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Pekka Himanen wants to make Finland the Promised Land of Knowledge Workers.

Himanen is a Finnish philosopher who, in his own words, is 'one of the internationally best-known researchers of the information age'. His latest research paper Suomalainen Unelma ('The Finnish Dream') is a proposal for a future information society strategy for Finland, prepared for the Finnish Parliament’s Committee for the Future.


Himanen (together with Richard Florida) supports the view that ‘world is spiky’, meaning that the wealth and power will always be concentrated in the hands of a small exclusive elite. Finland is a small country so competing in this global ‘winner takes it all’ game is tough. Himanen proposes that massive investments in innovation can give Finland the position of ‘absolute global leadership’ in various areas of business, science and culture.

In his research paper, Himanen is using the term 'innovation' in a rather confusing way, for example stating that innovation is only taking place close to the centres of financial power. This is of course wrong - innovation is taking place everyday all around the world, as documented by for example What Himanen is trying to say is that there are only very few global actors who have the economic power and skills to turn an innovation into a global cash cow for investors.


Himanen introduces Ancient Athens as an example of an early hub of innovation. This was the place where Socrates, Platon and Aristoteles developed the works that are today extremely valuable for the whole Western culture. This creativity was brough out by the flourishing agonistic culture (from Greek agon, a contest) in which competition was highly appreciated. This activity was only available for a small group of men and was enabled by various forms of slavery and oppression of women's rights (although this minor detail is ignored by Himanen in his report).

In Himanen’s view, a contemporary benchmark for Finland today is Silicon Valley, a small piece of land in Western coast of United States, where some of the world's most powerful technology and capital investment companies are located today. Silicon Valley is an expanded version of the Ancient Agora of Athens, a creative hub enabled by slavery and oppression of people on a global scale (known today as the 'market economy' or 'free trade').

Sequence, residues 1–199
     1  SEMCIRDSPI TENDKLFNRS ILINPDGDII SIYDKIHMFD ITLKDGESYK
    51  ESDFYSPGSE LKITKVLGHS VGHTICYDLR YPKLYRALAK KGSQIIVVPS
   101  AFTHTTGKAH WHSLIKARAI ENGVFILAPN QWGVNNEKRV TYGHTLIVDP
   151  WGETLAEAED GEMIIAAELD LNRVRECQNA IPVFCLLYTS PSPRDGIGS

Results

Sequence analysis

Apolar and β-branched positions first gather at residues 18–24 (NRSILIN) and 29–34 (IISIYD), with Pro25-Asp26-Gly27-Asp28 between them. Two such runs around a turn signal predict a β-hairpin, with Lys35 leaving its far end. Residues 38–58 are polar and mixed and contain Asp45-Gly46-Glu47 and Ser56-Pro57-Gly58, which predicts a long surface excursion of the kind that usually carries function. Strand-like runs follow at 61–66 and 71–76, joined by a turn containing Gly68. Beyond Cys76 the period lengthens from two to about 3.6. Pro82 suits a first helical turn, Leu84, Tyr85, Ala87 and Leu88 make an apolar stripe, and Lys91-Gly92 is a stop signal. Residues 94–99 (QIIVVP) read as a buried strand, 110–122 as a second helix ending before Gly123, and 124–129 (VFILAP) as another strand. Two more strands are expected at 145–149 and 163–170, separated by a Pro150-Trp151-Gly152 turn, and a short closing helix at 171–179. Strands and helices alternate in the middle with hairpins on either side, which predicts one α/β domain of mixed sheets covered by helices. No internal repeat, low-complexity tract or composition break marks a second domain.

People working in Silicon Valley can focus on their creativity and do their best to develop globally dominant information tools, following the logic of market economy. Silicon Valley is a safe little nest to do this, a culture focused on work which enables people to ignore the problems of the rest of this planet. Companies are supporting this by creating little reality bubbles where workers can ignore the physical realities of the rest of the planet and can just focus on information processing and feeling good. A good example of this kind of company culture is Google (see the Mouse Labour article on Sergey Brin & Larry Page).

Pekka Himanen has analyzed this in his book Hacker Ethic, where Himanen defines successful information labourers as people who treat their work as a 'passion' or 'hobby' and are mainly motivated by peer recognition. The only thing that matters is that you are getting positive feedback from your friends and colleagues, and that you have enough money for material well-being. Problems in some far away countries don’t really matter.

Richard Sennett has analyzed the culture of contemporary knowledge workers in his book The Culture of the New Capitalism. Based on his interviews with Silicon Valley engineers, Sennett says that the new culture of capitalism requires people who are always ready to let go of everything, move on to another life/company, train themselves another set of new skills.

'A self oriented in the short term, focused on potential ability, willing to abandon part experience is - to put a kind face on the matter - an unusual sort of human being. Most people are not like this; they need a sustaining life narrative, they take in pride in being good as something specific, and they value the experiences they've lived through. The cultural ideal required in new institutions thus damages many of the people who inhabit them.'


As a future solution for Finland, Himanen is proposing that a new 'Innovation Ministry' should be established within the Finnish Parliament, to coordinate the process of gaining absolute global leadership in various economical areas, of turning Finland into another Silicon Valley. In his interview in Helsingin Sanomat (the mostly widely read Finnish newspaper), Pekka Himanen gives an outline of what he would do if he would be chosen at the first Innovation Minister of Finland.

Mouse labour facts:

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